One of the mysteries of the English language finally explained.
Designating verse in which each word contains one syllable more, or (occasionally) each line one foot more, than the preceding one.
In plural: rhopalic verse. Also (in singular): a rhopalic line or passage. rare before 20th cent.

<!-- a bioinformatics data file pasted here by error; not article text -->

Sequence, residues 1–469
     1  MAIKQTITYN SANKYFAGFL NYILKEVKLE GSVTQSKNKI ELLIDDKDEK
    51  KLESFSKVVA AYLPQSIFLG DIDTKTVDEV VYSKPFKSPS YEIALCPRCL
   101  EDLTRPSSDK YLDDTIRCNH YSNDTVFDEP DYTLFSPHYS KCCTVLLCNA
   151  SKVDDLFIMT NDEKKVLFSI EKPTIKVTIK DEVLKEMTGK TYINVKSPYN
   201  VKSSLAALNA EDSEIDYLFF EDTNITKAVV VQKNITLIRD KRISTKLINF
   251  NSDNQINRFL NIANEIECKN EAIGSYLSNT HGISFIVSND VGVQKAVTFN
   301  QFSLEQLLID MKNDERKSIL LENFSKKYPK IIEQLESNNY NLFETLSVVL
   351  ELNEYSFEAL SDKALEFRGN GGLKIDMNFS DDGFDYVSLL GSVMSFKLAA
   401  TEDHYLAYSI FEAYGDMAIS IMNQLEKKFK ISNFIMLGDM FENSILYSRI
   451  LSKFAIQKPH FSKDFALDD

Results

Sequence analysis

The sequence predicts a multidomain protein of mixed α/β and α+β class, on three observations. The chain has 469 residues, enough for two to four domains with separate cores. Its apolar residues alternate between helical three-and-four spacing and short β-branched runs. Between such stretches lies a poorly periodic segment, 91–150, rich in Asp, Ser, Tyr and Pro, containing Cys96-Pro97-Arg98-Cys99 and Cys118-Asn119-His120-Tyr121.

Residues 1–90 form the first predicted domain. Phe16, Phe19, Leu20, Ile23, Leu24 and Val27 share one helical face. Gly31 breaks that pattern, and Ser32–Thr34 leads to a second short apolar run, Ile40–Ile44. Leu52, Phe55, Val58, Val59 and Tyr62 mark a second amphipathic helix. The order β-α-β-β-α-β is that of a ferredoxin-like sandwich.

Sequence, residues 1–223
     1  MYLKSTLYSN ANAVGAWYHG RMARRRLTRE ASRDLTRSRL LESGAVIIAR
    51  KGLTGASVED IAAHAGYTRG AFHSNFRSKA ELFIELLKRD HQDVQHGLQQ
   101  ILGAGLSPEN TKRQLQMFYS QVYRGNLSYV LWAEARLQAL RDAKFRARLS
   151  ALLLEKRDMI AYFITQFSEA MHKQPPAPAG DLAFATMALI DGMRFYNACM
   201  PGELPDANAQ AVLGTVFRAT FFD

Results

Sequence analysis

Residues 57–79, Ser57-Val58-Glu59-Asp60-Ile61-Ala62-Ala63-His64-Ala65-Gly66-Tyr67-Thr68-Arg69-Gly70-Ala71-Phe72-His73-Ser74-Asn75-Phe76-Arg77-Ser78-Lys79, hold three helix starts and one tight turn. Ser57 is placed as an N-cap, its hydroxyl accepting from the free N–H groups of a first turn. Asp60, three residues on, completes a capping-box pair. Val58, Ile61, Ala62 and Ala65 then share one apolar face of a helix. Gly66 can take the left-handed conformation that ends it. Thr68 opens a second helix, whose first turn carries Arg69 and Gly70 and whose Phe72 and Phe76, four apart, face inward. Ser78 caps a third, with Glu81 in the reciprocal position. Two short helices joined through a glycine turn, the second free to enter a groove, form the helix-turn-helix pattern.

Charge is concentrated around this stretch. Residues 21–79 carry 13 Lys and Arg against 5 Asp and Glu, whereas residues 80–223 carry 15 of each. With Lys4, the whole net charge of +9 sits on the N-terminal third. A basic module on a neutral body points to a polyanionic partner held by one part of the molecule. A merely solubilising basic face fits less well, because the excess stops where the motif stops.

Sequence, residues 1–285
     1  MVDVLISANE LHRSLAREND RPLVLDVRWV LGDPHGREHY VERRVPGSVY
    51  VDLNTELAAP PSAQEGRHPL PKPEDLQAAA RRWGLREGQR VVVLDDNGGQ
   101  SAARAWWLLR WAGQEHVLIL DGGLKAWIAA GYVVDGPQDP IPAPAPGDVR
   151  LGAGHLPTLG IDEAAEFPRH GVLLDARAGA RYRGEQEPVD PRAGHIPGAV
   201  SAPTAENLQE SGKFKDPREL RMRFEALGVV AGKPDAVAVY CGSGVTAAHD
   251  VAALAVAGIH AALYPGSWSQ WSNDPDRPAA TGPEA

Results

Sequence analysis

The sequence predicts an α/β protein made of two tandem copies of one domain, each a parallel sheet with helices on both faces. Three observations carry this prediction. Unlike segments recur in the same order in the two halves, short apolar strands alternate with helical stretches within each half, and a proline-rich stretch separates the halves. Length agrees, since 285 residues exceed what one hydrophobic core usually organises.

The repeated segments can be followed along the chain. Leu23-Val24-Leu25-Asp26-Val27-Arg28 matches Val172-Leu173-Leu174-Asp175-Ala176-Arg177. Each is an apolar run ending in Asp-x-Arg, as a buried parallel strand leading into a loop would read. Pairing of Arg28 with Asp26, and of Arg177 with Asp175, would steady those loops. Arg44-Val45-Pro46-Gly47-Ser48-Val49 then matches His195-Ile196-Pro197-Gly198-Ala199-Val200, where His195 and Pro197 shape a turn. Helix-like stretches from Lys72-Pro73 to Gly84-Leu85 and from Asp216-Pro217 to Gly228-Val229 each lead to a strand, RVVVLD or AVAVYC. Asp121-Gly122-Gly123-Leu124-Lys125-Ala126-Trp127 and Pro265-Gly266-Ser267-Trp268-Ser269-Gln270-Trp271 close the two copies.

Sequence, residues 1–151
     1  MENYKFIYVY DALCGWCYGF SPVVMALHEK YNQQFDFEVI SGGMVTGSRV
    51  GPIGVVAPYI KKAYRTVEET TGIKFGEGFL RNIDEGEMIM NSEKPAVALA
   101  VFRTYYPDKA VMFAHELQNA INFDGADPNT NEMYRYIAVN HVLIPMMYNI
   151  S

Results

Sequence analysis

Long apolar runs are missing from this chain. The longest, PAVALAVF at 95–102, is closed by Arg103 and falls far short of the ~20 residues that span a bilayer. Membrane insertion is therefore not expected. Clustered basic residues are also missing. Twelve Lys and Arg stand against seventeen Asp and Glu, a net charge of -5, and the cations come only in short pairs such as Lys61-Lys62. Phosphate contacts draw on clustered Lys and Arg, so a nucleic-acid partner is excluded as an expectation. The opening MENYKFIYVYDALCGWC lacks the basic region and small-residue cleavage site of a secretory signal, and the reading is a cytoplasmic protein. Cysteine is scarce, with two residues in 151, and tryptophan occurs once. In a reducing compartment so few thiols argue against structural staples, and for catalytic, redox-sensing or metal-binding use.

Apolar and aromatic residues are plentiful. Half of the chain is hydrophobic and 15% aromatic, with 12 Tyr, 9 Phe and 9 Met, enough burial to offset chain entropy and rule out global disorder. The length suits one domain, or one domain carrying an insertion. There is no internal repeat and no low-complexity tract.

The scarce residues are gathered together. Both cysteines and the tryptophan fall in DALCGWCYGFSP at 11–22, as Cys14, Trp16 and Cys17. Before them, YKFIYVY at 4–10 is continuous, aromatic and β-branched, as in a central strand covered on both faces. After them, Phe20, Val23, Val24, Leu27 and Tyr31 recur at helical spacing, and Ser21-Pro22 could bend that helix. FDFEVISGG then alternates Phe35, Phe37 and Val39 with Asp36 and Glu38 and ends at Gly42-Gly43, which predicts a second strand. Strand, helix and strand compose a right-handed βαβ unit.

Late 17th century; earliest use found in Thomas Browne (1605–1682), physician and author. From post-classical Latin rhopalicus (adjective) (of a line or passage of verse) in which each word contains one syllable more than the one immediately preceding it (3rd cent.) from ancient Greek ῥόπαλον cudgel thicker towards one end (from an ablaut variant ( o -grade) of the base of ῥέπειν to turn the scale, sink, cause to incline, of uncertain origin + -αλον, suffix forming nouns) + classical Latin -icus.
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